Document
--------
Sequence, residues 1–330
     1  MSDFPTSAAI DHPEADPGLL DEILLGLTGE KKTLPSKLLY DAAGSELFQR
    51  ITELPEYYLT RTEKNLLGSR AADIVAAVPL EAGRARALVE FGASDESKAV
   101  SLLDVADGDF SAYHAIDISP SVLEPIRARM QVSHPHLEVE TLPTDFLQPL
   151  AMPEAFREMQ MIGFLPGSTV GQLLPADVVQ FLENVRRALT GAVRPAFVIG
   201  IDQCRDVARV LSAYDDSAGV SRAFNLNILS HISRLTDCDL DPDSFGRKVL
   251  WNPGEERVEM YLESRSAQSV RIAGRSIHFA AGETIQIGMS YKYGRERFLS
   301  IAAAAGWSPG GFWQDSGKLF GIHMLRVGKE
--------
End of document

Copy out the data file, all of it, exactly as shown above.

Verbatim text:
Sequence, residues 1–330
     1  MSDFPTSAAI DHPEADPGLL DEILLGLTGE KKTLPSKLLY DAAGSELFQR
    51  ITELPEYYLT RTEKNLLGSR AADIVAAVPL EAGRARALVE FGASDESKAV
   101  SLLDVADGDF SAYHAIDISP SVLEPIRARM QVSHPHLEVE TLPTDFLQPL
   151  AMPEAFREMQ MIGFLPGSTV GQLLPADVVQ FLENVRRALT GAVRPAFVIG
   201  IDQCRDVARV LSAYDDSAGV SRAFNLNILS HISRLTDCDL DPDSFGRKVL
   251  WNPGEERVEM YLESRSAQSV RIAGRSIHFA AGETIQIGMS YKYGRERFLS
   301  IAAAAGWSPG GFWQDSGKLF GIHMLRVGKE